regimes vary. For example, New York has a “day one” rule based on mere
    presence. This day one regime requires withholding for nonresident employees
    who are paid wages for services performed within the state and does not provide
    a grace period under certain circumstances. As is the case with nexus, some
    states are implementing their own COVID-19-specific withholding rules.

Law and General Business Implications

Corporate law
implications can range from business registration requirements to specific
rules that could alter an employer’s nonprofit status. Because the relocation
of even a single employee could have far-reaching consequences, employers
should make sure they are well-informed.

Non-legal business
decisions are also worth considering. For example, if an employee relocates
from a large city to a rural town, the employer can choose to lower the
employee’s wage (outside of employment areas that legally require certain wage
scales). Having the proper legal advice can facilitate such decisions and keep employers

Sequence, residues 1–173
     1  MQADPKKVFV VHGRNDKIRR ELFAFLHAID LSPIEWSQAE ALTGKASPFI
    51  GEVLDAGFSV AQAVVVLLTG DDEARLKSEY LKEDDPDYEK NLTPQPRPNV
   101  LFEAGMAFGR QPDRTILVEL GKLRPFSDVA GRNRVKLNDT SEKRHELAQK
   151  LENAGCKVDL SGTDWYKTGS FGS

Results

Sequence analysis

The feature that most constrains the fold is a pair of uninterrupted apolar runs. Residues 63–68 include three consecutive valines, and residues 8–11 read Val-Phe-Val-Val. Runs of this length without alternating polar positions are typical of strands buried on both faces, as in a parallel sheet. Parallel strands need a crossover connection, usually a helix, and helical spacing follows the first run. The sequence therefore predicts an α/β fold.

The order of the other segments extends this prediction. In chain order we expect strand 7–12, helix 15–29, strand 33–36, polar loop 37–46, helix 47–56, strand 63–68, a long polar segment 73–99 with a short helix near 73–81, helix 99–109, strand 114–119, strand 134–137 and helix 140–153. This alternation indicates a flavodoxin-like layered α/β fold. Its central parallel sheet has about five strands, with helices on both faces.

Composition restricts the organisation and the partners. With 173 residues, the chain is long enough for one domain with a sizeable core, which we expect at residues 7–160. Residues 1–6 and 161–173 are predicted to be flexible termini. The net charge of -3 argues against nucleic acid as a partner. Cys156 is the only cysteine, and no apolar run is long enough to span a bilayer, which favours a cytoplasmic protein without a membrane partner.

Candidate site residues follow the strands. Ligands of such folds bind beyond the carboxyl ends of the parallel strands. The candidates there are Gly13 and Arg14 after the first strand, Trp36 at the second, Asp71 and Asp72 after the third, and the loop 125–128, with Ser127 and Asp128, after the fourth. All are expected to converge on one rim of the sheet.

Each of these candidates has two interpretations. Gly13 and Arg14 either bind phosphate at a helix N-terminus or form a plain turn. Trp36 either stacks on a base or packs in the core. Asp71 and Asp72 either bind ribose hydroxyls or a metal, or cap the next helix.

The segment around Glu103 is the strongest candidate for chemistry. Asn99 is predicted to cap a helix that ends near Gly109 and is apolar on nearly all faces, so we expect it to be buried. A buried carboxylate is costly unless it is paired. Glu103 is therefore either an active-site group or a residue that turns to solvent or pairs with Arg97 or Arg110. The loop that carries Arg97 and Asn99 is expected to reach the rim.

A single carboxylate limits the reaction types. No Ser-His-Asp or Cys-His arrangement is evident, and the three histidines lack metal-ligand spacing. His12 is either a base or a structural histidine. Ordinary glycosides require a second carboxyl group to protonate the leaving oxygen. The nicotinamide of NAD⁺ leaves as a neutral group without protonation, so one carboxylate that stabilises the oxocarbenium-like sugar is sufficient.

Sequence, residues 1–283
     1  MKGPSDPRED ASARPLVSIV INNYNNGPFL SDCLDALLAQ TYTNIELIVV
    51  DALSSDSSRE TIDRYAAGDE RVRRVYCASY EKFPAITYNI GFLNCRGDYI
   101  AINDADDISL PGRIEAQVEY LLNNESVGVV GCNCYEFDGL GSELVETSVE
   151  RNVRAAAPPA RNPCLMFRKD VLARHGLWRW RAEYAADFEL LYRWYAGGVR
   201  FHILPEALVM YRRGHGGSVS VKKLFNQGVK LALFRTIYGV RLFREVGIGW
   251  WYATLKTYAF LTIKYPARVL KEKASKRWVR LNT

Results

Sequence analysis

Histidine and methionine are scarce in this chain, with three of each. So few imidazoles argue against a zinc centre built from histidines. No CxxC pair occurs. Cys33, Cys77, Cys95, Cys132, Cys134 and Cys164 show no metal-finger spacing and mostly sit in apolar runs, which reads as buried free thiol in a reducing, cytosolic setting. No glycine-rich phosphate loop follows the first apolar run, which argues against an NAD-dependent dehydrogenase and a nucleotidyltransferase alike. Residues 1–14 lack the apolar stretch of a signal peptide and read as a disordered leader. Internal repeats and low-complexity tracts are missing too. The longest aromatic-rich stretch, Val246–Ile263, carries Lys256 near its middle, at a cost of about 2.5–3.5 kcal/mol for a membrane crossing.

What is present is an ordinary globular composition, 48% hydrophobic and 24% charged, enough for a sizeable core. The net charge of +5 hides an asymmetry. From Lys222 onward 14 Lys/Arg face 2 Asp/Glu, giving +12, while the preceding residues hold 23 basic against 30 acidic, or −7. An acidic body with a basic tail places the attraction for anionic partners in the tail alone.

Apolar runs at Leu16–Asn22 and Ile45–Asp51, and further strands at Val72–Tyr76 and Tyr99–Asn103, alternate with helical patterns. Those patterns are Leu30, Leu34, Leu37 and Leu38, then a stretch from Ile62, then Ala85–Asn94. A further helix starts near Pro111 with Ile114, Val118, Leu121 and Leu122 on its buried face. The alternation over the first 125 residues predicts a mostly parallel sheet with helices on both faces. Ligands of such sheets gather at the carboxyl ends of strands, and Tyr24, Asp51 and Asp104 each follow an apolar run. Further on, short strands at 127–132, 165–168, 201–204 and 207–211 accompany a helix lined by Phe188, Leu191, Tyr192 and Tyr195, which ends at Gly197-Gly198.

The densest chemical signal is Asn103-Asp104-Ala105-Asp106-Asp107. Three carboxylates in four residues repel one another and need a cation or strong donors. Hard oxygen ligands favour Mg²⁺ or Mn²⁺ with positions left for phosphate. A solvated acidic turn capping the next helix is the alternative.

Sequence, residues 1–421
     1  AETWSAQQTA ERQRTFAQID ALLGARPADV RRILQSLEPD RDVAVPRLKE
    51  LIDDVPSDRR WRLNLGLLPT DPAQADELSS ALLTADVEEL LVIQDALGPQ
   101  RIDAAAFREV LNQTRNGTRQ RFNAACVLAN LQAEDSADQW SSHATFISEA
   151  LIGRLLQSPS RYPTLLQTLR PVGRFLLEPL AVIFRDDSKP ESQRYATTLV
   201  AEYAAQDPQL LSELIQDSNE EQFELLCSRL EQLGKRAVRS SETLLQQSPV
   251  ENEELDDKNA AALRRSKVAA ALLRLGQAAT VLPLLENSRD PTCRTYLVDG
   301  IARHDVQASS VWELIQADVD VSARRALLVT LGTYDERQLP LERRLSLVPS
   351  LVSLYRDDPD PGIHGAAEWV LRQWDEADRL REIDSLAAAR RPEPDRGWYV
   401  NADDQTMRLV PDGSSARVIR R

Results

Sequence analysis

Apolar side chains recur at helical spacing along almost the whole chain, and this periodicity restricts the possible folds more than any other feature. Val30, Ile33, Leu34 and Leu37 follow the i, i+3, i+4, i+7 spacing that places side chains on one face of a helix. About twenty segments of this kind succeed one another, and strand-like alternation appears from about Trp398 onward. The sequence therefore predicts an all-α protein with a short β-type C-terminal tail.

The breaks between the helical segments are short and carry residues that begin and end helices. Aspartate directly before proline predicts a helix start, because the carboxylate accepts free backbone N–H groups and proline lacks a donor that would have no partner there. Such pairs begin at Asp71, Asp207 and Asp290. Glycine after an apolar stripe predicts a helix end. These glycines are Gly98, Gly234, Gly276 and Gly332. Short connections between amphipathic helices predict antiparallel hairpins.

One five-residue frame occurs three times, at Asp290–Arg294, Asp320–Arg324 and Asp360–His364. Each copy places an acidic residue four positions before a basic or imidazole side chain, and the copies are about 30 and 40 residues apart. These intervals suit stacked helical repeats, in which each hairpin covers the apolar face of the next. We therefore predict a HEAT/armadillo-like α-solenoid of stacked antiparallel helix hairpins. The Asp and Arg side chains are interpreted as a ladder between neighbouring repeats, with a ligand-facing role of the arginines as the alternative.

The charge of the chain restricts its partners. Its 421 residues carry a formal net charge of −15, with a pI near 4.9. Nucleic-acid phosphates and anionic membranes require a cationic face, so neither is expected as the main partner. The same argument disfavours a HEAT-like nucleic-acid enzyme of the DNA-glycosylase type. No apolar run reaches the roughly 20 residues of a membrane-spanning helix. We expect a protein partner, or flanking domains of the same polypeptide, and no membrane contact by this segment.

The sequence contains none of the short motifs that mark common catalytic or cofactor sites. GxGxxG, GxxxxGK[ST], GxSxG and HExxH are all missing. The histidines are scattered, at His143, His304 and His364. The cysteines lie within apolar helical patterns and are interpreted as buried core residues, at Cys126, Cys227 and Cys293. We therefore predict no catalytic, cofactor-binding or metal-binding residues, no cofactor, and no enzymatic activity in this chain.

abreast of smart business opportunities.

Travel and Relocation

An increasing number of
countries are declaring themselves havens for working nomads. With nations
offering sandy beaches, high-speed internet, and special nomad visas, what
could go wrong? As it turns out, a lot.

International remote work
presents a drastically different landscape compared with domestic remote work.
A nomad visa will not protect ill-prepared employers (and employees) from suffering
serious and expensive consequences. Employers may inadvertently create a tax
nexus in the foreign jurisdiction. Intellectual property protections vary.
Wage/hour, employment, discrimination, and termination laws are different. If
an employee is traveling internationally or working remotely from another
country, it is imperative that employers seek advice from sophisticated

Work from Anywhere, the Business Perspective

Employers have a distinct risk-reward interest in pursuing a
work-from-anywhere practice. The employer has a fiduciary responsibility to act
in the best interest of multiple stakeholders, including customers, employees,
suppliers and shareholders. This is no small task as good stewards of people
and other resources try to make good decisions for the benefit of many. While this
is not an exhaustive list, leaders, as representatives of the business, will
take into account these fundamental interests:

  1. Tax
    and legal compliance
  2. Business
    continuity and performance
  3. Workforce
    creativity, collaboration, and connectivity
  4. Policy
    and practices consistency

Work from Anywhere, the Employee Perspective

Employees also have a distinct risk/reward interest in an